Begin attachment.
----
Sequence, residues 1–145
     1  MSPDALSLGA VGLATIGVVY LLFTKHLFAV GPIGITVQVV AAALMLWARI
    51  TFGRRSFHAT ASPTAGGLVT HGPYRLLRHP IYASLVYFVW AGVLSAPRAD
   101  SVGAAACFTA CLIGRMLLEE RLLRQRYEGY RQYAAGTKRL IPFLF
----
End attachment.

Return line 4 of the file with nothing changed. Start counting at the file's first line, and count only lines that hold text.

   101  SVGAAACFTA CLIGRMLLEE RLLRQRYEGY RQYAAGTKRL IPFLF